I remember the day the lightbulb burnt out. I remember it like it was yesterday. It’s crazy to think that something I take for granted so regularly can just go away and disappear. Some things are funny like that.
In my bedroom, there are four lightbulbs, each living in their own light sockets in the four corners of the room. They have enough space between them that they seem independent, but really, all four are controlled by the same light switch by the door. When one flips on the light switch, all four lightbulbs spring to life in perfect unison! It reminds me of synchronized swimmers, or a marching band, or maybe even a row of army soldiers. But these lightbulbs are closer to home—literally, because they are inside of my home.
Whenever I come home from a long day at school, and sometimes an even longer day after participating in various rigorous extra-curricular activities such as debate, charity, the variety show, and the student council, I can always count on my lightbulbs to be there, keeping my room bright, and my spirits brighter. These lightbulbs fill my soul, and they remind me of how lucky I am to have a roof over my head—literally, because the lightbulbs are in the ceiling.
A long time ago, once upon a time and many years ago, people didn’t have lightbulbs; instead, they had to make due with an assortment of candles, placed strategically throughout their houses, or as they called them then, cottages. But today, we are privileged to have these lightbulbs in such great amounts.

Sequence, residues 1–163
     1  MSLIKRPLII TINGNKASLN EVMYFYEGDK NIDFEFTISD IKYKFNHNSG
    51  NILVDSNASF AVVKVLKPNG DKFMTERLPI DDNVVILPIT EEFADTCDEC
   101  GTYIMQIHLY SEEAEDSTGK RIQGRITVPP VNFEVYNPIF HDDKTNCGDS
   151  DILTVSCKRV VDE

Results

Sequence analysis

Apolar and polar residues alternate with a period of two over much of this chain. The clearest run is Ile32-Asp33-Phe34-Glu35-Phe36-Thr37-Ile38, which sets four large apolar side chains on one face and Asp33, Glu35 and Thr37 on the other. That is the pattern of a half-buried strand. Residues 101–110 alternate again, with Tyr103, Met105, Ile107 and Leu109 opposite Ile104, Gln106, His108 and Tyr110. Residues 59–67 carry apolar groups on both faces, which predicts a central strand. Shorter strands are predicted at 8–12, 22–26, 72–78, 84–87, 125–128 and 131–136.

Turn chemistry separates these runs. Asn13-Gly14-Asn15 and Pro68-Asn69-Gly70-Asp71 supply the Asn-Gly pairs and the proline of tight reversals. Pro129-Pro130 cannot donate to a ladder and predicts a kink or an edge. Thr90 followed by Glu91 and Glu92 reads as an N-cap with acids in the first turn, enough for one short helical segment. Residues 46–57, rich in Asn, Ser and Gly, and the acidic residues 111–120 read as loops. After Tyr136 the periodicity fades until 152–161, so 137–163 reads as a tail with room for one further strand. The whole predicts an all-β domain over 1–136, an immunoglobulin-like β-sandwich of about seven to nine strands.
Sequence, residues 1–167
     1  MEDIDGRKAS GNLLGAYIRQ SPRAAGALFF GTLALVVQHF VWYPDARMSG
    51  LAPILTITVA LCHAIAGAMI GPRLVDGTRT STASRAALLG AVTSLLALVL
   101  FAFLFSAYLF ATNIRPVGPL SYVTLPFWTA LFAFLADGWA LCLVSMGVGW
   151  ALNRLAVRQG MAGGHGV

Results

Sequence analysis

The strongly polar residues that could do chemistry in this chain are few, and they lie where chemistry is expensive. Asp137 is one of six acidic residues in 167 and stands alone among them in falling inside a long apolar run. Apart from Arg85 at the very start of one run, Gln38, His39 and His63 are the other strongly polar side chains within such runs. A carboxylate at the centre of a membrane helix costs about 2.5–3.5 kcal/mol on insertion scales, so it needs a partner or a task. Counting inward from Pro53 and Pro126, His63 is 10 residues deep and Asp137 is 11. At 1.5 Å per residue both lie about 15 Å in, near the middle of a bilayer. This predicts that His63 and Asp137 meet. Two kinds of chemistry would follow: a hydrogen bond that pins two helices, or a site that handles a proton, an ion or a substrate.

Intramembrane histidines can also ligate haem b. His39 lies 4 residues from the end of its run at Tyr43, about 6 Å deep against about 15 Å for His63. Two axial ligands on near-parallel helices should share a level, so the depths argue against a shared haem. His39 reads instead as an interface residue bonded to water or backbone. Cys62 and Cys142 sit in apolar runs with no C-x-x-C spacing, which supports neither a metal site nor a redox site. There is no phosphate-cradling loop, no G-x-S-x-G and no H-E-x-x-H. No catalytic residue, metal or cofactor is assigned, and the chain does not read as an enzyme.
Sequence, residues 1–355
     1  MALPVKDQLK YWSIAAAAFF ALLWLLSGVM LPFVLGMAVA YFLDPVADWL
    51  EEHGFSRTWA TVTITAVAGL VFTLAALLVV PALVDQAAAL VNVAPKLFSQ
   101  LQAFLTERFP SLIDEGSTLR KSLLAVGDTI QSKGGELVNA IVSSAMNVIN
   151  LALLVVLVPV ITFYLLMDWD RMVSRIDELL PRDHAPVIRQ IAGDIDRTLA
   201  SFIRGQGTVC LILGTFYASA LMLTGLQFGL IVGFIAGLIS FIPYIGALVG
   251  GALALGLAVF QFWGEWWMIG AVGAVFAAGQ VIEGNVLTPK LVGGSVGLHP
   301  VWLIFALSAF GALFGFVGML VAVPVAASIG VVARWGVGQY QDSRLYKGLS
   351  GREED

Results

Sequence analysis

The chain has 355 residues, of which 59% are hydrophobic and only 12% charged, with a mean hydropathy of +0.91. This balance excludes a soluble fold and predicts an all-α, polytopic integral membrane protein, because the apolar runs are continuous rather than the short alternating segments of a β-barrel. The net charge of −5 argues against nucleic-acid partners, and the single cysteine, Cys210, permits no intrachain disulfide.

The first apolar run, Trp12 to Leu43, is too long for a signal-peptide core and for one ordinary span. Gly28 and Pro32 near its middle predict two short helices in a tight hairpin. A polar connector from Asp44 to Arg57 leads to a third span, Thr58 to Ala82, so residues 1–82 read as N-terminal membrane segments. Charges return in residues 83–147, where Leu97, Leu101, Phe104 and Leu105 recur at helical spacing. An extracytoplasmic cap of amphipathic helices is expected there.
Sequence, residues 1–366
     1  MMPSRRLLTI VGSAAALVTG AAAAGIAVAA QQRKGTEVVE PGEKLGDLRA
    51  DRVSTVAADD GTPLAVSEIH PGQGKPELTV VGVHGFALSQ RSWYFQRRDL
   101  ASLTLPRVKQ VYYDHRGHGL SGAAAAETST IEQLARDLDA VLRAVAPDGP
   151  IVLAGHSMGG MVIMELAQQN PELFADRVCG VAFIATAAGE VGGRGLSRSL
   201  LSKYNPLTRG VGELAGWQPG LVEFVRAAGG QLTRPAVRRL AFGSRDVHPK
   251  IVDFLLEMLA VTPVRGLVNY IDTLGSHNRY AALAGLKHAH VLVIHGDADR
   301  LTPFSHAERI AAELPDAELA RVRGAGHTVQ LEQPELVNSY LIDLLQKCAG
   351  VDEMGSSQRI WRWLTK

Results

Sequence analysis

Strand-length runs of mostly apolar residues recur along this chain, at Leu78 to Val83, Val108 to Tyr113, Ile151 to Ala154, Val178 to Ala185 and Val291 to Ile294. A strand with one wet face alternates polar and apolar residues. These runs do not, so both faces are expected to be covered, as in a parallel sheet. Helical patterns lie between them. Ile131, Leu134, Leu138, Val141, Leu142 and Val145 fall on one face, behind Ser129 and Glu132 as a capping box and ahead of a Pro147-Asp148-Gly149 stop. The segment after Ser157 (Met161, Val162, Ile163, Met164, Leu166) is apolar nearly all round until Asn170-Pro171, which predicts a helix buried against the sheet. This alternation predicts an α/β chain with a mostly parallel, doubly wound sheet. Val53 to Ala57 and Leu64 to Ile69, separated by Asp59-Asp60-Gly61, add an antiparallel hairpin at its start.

After I lost my dog, Chester Sam, I didn’t think there was anything left in the world which could make me smile. But that’s when I realized that we have to appreciate the little things in the world around us, because it’s the little things which really make everything special. Chester Sam always loved it when I turned the lights on in the morning. He would bark his bark that only Chester Sam could muster, and he would jump on my bed and dig his teeth right into the duvet cover. He was a special dog, and I was his special friend. I will miss him forever and ever, and no other dog could ever replace him.
But back to my original topic: the day the lightbulb burnt out. I think it’s a metaphor for something bigger, something really important, and something definitely special. When the lightbulb burns out, it’s a metaphor for an end. But we must remember that every day, the day ends, and after the day ends, another one starts going after we wake up from sleeping. The lightbulb burning out represents an end, but once you put in a new lightbulb, that represents a new beginning. The lightbulb is like a life, or like a special moment with family. Even when a special moment ends, another special moment can start right afterwards. That’s what makes being a human being so special. We can remember the old moments, and participate in the new moments too.